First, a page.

he is poor, is the very same man in nature with him who is haughty because he is rich.
When you have gone thus far, as to consider the figure they make towards you; you will please, my dear, next to consider the appearance you make towards them. If they are men of discerning, they can observe the motives of your heart: and Florio can see when he is disregarded only upon account of fortune, which makes you to him a mercenary creature; and you are still the same thing to Strephon, in taking him for his wealth only: you are therefore to consider whether you had rather oblige, than receive an obligation.
The marriage-life is always an insipid, a vexatious, or a happy, condition. The first is, when two people of no genius or taste for themselves meet together, upon such a settlement as has been thought reasonable by parents and conveyancers from an exact valuation of the land and cash of both parties. In this case, the young lady's person is no more regarded than the house and improvements in purchase of an estate; but she goes with her fortune, rather than her fortune with her. These make up the crowd or vulgar of the rich, and fill up the lumber of human race, without beneficence towards those below them, or respect towards those above them; and lead a despicable, independent, and useless life, without sense of the laws of kindness, good-nature, mutual offices, and the elegant satisfactions which flow from reason and virtue.
The vexatious life arises from a conjunction of two people of quick taste and resentment, put together for reasons well known to their friends, in which especial care is taken to avoid, what they think the chief of evils, poverty, and insure to them riches, with every evil besides. These good people live in a constant constraint before company, and too great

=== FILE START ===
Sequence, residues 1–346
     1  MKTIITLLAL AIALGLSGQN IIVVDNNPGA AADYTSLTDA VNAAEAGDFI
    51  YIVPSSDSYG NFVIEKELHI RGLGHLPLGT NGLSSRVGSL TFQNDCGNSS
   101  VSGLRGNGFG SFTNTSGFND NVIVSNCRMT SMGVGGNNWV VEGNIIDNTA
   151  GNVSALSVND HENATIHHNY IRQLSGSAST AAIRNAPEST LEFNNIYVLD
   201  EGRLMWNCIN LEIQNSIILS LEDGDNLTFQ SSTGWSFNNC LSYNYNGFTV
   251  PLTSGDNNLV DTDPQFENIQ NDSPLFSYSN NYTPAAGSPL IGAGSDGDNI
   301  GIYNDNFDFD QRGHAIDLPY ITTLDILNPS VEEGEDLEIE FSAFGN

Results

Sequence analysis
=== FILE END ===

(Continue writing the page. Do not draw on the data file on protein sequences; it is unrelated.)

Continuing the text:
familiarity alone. When they are within observation, they fret at each other's carriage and behaviour; when alone, they revile each other's person and conduct. In company they are in a purgatory; when only together, in a hell.
The happy marriage is, where two persons meet and voluntarily make choice of each other, without principally regarding or neglecting the circumstances of fortune or beauty. These may still love in spite of adversity or sickness: the former we may in some measure defend ourselves from, the other is the portion of our very make. When you have a true notion of this sort of passion, your humour of living great will vanish out of your imagination, and you will find love has nothing to do with state. Solitude, with the person beloved, has a pleasure, even in a woman's mind, beyond show or pomp. You are therefore to consider which of your lovers will like you best undressed, which will bear with you most when out of humour; and your way to this is to ask of yourself, which of them you value most for his own sake? and by that judge which gives the greater instances of his valuing you for yourself only.
After you have expressed some sense of the humble approach of Florio, and a little disdain at Strephon's assurance in his address, you cry out, 'What an unexceptionable husband could I make out of both!' It would therefore, methinks, be a good way to determine yourself. Take him, in whom what you like is not transferable to another; for if you choose otherwise, there is no hopes your husband will ever have what you liked in his rival; but intrinsic qualities in one man may very probably purchase every thing that is adventitious in another. In plainer terms: he whom you take for his personal perfections will sooner arrive at the gifts of fortune,